§ Baroness Gould of Potternewton
asked Her Majesty's Government:
Whether they will announce plans to bring forward draft proposals for a modernisation of the law on gambling. [HL3982]
§ Lord McIntosh of Haringey
We have today published for consultation a set of draft clauses that we intend to be part of a wider gambling Bill.
The Bill will make major changes to the way in which gambling is regulated and controlled in Great Britain. It will build on the work undertaken by Sir Alan Budd and the gambling review body that he led.
It is based on the three key principles. First, the principle that the system of gambling law and regulation must keep the gambling industry free of crime. Our industry has a high international reputation for integrity, which must not be put at risk. Secondly, the law must ensure that gambling is conducted fairly, so that players know what to expect. Thirdly, there must be effective protection for children and the vulnerable.112WA
The controls we have on gambling today date from the 1960s and 1970s. They have served us well, but have failed to keep up with society's attitudes to gambling and developments in technology and the leisure industries. They need to be modernised. But modernisation must not be allowed to generate an upsurge in problem gambling. I am determined that we will maintain the highest standards of social responsibility.
Sir Alan recommended the establishment of a new national regulator for all forms of gambling. It was proposed that this regulator, the gambling commission, should license gambling operators and key individuals involved in the provision of gambling, and that local authorities should license gambling premises.
In A Safe Bet for Success (published in March 2002, Cm 5397) we accepted the vast majority of the gambling review's recommendations. We have been working closely with the interested industries, representatives of groups encouraging responsible gambling, local authorities, consumer groups, other government departments and the devolved administrations to prepare draft legislation that would give effect to this new system of regulation, which will be centred on the creation of a new national regulator—the gambling commission.
The proposals published today allow for the establishment of a gambling commission, transforming the Gaming Board for Great Britain into a new body with wider functions, greater flexibility to act and stronger enforcement powers.
The clauses describe the three purposes of gambling regulation, which will guide the work of the Commission. They outline the ways in which the commission will be able to use codes of practice to ensure best practice across each sector of the gambling industry. Codes of practice issued by the commission will be an important feature of the new legislation, giving the regulator more flexibility to respond to changing circumstances that may raise issues of consumer protection or threats to vulnerable people.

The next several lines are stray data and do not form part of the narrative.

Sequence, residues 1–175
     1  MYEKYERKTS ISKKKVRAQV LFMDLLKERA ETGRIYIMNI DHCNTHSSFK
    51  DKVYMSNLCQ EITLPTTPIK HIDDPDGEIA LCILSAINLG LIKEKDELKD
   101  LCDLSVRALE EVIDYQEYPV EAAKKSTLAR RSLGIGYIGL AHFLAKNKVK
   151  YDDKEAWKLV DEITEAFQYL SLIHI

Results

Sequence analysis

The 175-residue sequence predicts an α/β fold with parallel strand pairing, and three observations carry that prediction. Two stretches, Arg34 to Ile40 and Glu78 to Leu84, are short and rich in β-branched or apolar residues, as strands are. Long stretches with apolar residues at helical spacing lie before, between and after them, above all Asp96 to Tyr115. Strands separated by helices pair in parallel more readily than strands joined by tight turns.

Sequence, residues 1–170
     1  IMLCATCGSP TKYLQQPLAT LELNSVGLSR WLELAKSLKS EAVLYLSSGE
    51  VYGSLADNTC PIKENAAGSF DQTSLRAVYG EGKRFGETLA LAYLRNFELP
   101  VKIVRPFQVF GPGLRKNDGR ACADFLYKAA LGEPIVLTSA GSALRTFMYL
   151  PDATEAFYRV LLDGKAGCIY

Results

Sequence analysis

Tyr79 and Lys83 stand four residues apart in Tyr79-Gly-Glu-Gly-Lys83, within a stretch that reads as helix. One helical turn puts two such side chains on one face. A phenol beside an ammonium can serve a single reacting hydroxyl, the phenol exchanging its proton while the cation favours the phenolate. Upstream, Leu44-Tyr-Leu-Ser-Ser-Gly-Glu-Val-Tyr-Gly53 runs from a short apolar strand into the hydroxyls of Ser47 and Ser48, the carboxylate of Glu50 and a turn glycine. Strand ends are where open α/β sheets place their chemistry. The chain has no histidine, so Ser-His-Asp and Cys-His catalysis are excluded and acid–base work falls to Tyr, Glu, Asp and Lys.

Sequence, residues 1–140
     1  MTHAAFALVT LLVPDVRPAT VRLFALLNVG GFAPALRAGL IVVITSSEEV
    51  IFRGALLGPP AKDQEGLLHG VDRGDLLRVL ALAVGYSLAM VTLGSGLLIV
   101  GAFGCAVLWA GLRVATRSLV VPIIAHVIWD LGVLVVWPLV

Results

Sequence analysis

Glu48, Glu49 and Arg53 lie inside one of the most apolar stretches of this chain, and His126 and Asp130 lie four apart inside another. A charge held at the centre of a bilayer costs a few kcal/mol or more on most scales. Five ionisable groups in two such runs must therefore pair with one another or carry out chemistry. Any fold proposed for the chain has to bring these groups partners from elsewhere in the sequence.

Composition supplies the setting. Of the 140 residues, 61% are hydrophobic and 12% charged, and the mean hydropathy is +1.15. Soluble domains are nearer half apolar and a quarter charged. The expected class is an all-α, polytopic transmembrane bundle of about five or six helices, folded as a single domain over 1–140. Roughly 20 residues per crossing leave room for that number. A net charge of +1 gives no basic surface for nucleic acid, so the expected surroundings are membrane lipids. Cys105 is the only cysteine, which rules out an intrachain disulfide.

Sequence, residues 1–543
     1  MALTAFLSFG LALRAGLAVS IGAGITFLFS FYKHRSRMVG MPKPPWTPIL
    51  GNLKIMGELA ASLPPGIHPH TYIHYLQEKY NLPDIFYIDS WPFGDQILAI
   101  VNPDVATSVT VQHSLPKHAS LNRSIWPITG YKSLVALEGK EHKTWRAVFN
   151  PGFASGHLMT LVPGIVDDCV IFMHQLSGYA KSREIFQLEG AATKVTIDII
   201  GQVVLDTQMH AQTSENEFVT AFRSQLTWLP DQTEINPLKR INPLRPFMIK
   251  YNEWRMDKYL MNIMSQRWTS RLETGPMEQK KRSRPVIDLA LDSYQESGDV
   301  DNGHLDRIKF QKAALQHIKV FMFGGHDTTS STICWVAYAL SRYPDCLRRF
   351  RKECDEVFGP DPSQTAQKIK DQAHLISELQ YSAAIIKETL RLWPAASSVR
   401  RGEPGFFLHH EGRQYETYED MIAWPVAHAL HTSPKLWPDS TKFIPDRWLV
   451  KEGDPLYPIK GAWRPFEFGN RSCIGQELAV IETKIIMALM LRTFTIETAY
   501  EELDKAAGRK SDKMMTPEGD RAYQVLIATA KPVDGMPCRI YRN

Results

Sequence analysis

The draft Bill goes on to describe the principal function of the gambling commission—the licensing of gambling operations and key personnel. The commission will have flexibility to impose licence conditions on categories of licences and, where necessary, on specific operators. It will also have powers to review licences where it believes conditions have been breached or where there is some threat to the three objectives of regulation.
Local authorities are to be responsible for the licensing of gambling premises. Details of these proposals will be published later this year.
The Government remain committed also to the sale of the Totalisator Board and the abolition of the Horserace Betting Levy Board. We will bring forward legislation to achieve these objectives as soon as parliamentary time becomes available. Should parliamentary time become available prior to the introduction of a gambling Bill, we will leave open the 113WA option of pursuing our horseracing proposals in a smaller, separate measure.
I understand that a Joint Committee of both Houses is to be convened to examine the Government's draft proposals. The draft gambling Bill is precisely the sort of legislation, cutting across party lines but with some potential for controversy, that will benefit from pre-legislative scrutiny by both Houses. Such scrutiny will improve the legislation and build parliamentary understanding and public confidence, enabling us to strike the right balance between deregulation and the protection of young and vulnerable people.
We will publish the draft Bill in full later this year.